Sparkling Jewels and Balanchine’s babies

by Meredith Brooks

George Balanchine’s full evening work Jewels, first staged complete in 1967, is now in the repertoire of many major ballet companies around the world, most notably at the Paris Opera Ballet and Royal Ballet.

Both companies do excellent versions, but there is nothing to compare with the genuine article by New York City Ballet, as danced for six performances this month at Lincoln Center.

I saw two superb casts: last Saturday, June 4 (Abi Stafford and Jenifer Ringer in Emeralds, Ashley Bouder, Gonzalo Garcia and Teresa Reichlen in Rubies, Maria Kowroski and Charles Askegard in Diamonds) and then last Wednesday, June 8, with Rachel Rutherford and Ringer (Emeralds), Sterling Hyltin, Garcia and Reichlen (Rubies) and Sara Mearns with Jonathan Stafford in Diamonds.

Before the Saturday performance, the School of American Ballet, which feeds NYCB, had the first of its annual workshop performances, giving its senior students, generally 17-19 years, a chance to perform on the Julliard stage with a live orchestra.

These dancers are definitely still students, although particularly well trained and talented ones, with all the usual nerves and caution that entails.

There were a couple of very accomplished dancers, almost company ready, who I imagine will appear among the City Ballet apprentices next season.

But the relevance of this show to this reviewer is the exhibition of pure Balanchine technique-in-training.

Even the tiny girls who ran on stage in Circus Polka are getting a grounding in Balanchine. This lifetime of drilling in the distinctive use of back and arms, the lightning petit allegro and the attack and speed across the stage is why City Ballet looks different.

The vast majority of the company, and pretty much all of the corps, went through SAB. Balanchine is in their bones.

Other companies basically fake it (except perhaps Boston, San Francisco and Pacific Northwest, all Balanchine-based companies) no matter how good their dancers and how well they are rehearsed.

Saturday night’s performance was exceptional. The corps, the same both nights, deserves special mention. Stylistically coherent and in unison, I didn’t see a step out of place.

There can’t be many companies where the corps of 16 men can execute triple pirouettes, finishing to the knee, in perfect synchronisation and pristine placement. I didn’t see anyone fall out of them either night.

But to the principals.

To my mind, Emeralds is the hardest of the acts to win. Most of the corps work is endless boureeing, stepping it out, so they have to work hard to keep it smooth.

The first couple have some really difficult (clunky even) choreography and it doesn’t easily flatter them.

Abi Stafford was probably the weak link of Saturday evening; she was stiff and looked awkward in the shoulders.

Rachel Rutherford on Wednesday was significantly better, with a lovely line and considerably more ease.

Both were partnered by Sebastien Marcovici, perfectly competently (this whole ballet is very much about the women). The (very pleasant) surprise to me was Jenifer Ringer in the “walking” pas de deux and a lovely solo to the “Sicilienne” (from Faure’s Pelleas and Melisande).

I usually find her too reserved, but she was beautifully lyrical with a fluid port de bras and a rippling spine. She repeated this in the second show, just as gorgeously.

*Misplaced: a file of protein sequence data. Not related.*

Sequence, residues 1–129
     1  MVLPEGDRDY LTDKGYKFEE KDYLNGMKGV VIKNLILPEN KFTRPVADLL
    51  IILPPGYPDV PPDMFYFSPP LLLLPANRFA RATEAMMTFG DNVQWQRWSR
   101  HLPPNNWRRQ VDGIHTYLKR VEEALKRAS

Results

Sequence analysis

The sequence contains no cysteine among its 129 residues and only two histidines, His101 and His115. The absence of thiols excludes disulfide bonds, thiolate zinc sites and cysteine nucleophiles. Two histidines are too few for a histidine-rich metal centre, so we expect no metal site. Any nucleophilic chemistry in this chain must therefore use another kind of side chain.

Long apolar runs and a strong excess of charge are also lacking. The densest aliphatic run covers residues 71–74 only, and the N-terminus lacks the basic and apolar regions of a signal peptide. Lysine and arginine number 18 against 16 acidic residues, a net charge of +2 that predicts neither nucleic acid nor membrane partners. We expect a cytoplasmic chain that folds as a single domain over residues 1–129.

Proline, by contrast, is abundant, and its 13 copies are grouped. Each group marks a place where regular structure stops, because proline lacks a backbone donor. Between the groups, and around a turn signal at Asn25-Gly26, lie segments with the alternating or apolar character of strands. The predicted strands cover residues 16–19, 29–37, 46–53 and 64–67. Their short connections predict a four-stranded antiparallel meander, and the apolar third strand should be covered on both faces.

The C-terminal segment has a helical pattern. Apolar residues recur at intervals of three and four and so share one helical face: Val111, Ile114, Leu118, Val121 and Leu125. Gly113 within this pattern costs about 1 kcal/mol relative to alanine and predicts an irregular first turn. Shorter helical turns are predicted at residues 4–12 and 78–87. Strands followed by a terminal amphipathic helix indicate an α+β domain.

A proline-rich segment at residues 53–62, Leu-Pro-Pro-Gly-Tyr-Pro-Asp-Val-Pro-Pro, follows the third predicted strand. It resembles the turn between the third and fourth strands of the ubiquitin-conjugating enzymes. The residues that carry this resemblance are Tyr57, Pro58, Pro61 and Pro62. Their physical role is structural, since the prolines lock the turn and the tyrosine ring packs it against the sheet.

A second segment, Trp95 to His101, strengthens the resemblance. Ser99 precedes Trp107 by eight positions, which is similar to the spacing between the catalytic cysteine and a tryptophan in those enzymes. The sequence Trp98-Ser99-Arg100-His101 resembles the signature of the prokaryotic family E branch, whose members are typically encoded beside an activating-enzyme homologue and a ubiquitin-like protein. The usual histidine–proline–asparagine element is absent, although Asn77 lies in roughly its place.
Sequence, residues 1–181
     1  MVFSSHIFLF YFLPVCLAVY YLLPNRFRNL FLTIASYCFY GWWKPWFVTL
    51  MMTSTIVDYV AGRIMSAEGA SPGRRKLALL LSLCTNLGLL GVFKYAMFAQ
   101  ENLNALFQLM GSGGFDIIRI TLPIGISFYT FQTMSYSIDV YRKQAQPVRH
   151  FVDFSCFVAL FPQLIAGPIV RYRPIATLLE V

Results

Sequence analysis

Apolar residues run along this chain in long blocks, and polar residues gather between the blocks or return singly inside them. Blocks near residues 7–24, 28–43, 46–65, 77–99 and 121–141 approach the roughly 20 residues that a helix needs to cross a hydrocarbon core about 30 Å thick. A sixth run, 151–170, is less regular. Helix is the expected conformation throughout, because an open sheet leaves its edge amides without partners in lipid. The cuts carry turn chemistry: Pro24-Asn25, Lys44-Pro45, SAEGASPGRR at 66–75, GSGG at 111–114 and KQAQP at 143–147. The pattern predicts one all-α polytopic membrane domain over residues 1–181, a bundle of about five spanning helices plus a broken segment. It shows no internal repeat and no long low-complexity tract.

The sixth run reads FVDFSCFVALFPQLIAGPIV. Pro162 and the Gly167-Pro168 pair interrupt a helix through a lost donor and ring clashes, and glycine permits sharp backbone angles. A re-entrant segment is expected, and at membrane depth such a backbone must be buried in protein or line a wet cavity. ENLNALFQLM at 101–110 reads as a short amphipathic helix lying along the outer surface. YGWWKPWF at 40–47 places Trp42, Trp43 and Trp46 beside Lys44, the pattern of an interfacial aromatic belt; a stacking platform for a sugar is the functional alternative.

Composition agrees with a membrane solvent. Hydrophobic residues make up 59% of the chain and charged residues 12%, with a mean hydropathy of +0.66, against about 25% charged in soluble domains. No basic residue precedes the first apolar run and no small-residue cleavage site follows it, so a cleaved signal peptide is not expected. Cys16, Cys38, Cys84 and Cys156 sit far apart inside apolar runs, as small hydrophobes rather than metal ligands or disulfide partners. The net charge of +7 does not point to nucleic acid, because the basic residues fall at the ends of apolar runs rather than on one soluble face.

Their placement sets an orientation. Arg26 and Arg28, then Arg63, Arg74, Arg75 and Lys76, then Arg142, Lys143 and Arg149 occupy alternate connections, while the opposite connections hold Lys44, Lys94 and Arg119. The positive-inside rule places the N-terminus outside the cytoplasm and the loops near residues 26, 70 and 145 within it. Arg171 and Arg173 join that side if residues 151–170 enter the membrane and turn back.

The undoubted star of Saturday’s show was Ashley Bouder in Rubies. This was one of those rare performances where there is no conscious “dancing”; she just lived the part.

The movement seemed to just burst out of her, as if it were something she couldn’t stop. I didn’t see her think about a step. It was astonishing.

Garcia kept up with her pretty well – it’s a fast attacking tour de force for both dancers – but he was clearly overshadowed.

Sterling Hyltin later in the week was a disappointment (the only weak spot in that evening). She is quite mannered and has an annoying smirk.

Her “cuteness” somehow reflected on the corps as well; they veered towards a cheesy cheerleader style that wasn’t evident in the earlier performance.

Both casts of Diamonds were brilliant. This role was made for Maria Kowroski but I’ve seen her dance it before without the confidence and precision of this season.

Kowroski is extraordinarily long legged and loose limbed and cannot make an ugly shape. But she can struggle with control, although not this evening; right on balance, beautiful lines, flawless turns.

Lyrical, effortless and seamless. Charles Askegard was much better than expected in his variations (I’ve never been a fan) and was an exemplary partner.

I anticipated that Kowroski would be hard to match but Sara Mearns was a revelation. She has been a principal for only three years but she was perfect. Mearns is a lot more compact than Kowroski and dances with a more classical, less Balanchine style (I’d love to see her in a traditional Swan Lake).

She also punctuates the movement more, with more attack, a little more abandon, and with a hugely articulate spine. It was quite different but absorbing. Jonathan Stafford partnered her beautifully.

These were two special performances.

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NYCB Jewels, Rubies

Teresa Reichlen and company,
Rubies from Jewels, New York City Ballet
Photo: ©Paul Kolnik

Sterling Hyltin and Gonzalo Garcia in Rubies, photo © Paul Kolnik

Sterling Hyltin and Gonzalo Garcia in Rubies, photo © Paul Kolnik

Jonathan Stafford and Sara Mearns in Diamonds, from Jewels, photo © Paul Kolnik

Jonathan Stafford and Sara Mearns in Diamonds, from Jewels, photo © Paul Kolnik